Our primary strategy for fighting the human trafficking industry is to monitor national borders and transit hubs, intercepting the victims before they are lost to the dark world of modern slavery. But what exactly is an interception, and what is involved in the process?
To begin with, our transit monitoring strategy focuses on identifying and assisting potential victims of trafficking while they are being transported and before they reach the destination where they may be in danger of being exploited. We “intercept” someone when we have good reason to believe that they are in the process of being trafficked or at high risk of being trafficked.
To ensure we investigate each possible intercept thoroughly, we have developed a “Questioning Protocol” that includes a list of visual red flags we look for to identify a suspected victim as well as a line of questioning designed to determine if trafficking is taking place. Each staff member is trained to identify, question, and assist potential victims.
When we encounter a situation where we are strongly convinced trafficking is taking place, there are several options we have to ensure the victim is returned to safety.
Often times, we are able to get in touch with the parents or family members of the potential victim, who are completely unaware that their child/relative has been deceived and placed in a very dangerous situation. In the case of speaking with parents, they often insist that we do not allow their child to go anywhere with the suspected trafficker, and if she is a minor, they have the authority to make that decision.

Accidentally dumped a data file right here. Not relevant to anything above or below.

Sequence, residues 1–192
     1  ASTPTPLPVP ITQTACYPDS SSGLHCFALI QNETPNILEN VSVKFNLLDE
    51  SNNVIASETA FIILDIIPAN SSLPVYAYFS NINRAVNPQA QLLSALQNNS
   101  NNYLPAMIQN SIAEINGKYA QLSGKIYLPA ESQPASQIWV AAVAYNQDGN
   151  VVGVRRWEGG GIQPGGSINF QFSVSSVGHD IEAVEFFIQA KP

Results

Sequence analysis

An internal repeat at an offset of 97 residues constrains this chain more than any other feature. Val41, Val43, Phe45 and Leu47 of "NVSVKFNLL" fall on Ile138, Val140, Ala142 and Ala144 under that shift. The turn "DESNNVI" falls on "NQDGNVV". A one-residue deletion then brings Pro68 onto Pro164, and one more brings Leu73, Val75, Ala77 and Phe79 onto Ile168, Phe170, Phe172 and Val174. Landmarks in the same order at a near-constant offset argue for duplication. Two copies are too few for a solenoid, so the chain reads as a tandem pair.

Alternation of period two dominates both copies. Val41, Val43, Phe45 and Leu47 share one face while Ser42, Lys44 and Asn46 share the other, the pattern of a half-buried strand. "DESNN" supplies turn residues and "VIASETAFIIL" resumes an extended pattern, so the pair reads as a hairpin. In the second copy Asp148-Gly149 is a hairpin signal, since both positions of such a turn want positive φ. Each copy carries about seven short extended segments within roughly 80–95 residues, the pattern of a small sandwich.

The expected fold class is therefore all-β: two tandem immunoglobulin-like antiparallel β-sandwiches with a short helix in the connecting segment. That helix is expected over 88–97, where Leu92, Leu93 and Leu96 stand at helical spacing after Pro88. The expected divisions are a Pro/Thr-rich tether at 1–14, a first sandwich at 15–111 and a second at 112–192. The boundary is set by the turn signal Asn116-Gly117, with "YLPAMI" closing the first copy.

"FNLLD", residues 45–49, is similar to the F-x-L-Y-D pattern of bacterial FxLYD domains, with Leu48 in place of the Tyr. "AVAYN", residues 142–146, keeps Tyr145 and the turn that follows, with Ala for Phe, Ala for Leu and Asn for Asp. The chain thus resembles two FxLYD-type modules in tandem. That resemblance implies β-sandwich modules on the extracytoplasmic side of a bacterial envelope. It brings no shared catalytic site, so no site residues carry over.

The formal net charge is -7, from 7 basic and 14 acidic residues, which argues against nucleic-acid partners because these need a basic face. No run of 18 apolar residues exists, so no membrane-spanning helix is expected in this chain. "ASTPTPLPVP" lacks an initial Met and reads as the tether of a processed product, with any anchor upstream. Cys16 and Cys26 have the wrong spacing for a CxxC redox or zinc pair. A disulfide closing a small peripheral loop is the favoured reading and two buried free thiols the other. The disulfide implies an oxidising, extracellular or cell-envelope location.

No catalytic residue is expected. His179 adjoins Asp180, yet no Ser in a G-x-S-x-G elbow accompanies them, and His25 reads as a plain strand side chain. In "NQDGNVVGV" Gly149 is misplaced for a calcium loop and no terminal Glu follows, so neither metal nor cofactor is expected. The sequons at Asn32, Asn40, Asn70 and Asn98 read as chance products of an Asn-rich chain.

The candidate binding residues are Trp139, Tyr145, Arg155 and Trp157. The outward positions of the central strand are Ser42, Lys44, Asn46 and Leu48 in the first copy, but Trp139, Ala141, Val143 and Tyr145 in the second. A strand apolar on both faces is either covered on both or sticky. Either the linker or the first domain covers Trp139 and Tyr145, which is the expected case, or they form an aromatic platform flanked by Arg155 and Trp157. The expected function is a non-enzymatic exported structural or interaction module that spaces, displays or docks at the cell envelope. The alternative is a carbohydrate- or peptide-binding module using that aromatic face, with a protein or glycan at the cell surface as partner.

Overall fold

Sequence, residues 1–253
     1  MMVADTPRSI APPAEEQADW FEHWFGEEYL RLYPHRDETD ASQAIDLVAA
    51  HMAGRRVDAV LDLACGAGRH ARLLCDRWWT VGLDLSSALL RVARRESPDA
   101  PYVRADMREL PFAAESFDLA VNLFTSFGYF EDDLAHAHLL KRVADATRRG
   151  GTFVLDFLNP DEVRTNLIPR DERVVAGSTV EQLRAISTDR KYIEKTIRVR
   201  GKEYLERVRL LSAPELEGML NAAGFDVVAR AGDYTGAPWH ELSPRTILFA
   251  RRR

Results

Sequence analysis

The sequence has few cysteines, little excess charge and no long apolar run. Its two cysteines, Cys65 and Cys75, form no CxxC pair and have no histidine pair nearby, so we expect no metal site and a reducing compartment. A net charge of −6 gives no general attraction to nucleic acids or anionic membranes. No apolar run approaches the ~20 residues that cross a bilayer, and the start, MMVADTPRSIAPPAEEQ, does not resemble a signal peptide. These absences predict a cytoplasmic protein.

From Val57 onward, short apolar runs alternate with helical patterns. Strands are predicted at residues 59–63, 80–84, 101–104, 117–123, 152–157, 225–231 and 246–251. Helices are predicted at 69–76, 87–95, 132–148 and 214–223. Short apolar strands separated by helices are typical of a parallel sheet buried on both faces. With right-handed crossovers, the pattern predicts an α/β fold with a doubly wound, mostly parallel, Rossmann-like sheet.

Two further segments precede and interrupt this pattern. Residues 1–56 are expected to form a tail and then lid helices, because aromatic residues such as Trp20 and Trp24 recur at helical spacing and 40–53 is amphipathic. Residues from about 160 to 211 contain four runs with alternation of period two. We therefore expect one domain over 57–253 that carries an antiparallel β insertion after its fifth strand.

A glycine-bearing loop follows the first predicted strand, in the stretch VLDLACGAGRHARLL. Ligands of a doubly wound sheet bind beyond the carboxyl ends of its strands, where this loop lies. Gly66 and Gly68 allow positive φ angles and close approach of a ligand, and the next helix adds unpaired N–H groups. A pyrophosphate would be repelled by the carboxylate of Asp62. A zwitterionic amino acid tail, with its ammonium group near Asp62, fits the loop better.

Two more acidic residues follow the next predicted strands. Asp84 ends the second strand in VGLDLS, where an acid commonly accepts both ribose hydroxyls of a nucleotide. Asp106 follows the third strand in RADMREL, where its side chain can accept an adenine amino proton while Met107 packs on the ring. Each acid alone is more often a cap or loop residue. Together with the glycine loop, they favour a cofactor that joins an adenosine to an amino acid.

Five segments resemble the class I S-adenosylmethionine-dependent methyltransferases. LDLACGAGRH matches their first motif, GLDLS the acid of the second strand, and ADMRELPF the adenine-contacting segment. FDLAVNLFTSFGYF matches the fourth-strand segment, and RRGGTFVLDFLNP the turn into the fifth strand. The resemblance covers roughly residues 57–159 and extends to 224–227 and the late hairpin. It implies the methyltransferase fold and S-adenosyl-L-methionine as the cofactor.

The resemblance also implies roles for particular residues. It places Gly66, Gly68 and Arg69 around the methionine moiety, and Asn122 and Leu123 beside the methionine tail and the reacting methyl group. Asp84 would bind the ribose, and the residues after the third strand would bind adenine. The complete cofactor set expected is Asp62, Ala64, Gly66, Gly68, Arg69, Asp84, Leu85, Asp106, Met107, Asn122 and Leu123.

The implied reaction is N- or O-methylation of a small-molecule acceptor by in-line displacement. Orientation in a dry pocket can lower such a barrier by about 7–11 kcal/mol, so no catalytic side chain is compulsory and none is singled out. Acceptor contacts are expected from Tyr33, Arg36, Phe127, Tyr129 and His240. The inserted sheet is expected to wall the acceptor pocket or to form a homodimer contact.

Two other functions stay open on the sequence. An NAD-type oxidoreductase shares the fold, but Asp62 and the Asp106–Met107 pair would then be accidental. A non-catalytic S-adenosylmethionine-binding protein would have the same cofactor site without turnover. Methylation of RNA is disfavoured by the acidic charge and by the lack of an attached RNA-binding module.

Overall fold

Returned to safety
To ensure they are returning to a safe environment, we do an assessment of each potential victim’s home situation and send her home only if she has a safe place to go to and there is no reason to believe that the family was knowingly involved in the suspected trafficking situation. If there are suspicions that this isn’t the case, she will stay at one of our local shelters, and if needed, in rare instances, we partner with a longer-term aftercare organization that can provide further assistance.
In cases where there is no family to contact for a potential victim, we can involve the police, who have the legal authority to stop her. Our hope, however, is to convince her that she is being trafficked so that she makes her own decision not to continue on.
We will also involve local law enforcement when a suspected trafficker is present or there is clear evidence that trafficking is taking place. We work in cooperation with local authorities to ensure traffickers are stopped and victims are returned safely home.
Educated on the dangers of trafficking
Since we intervene before potential exploitation occurs, the potential victims are generally not in need of extensive counseling or care but simply a thorough understanding and awareness about human trafficking and safe migration. We do our best to thoroughly educate them about the dangers of trafficking, and we rarely intercept the same person twice.
This vital work would not be possible without the dedication and faithfulness of our partners. We are so deeply grateful for you. If you are not yet a partner, we invite you to learn more about our work and how you can join us in saving these beautiful lives, created in the image of God, from the devastation of this horrendous crime.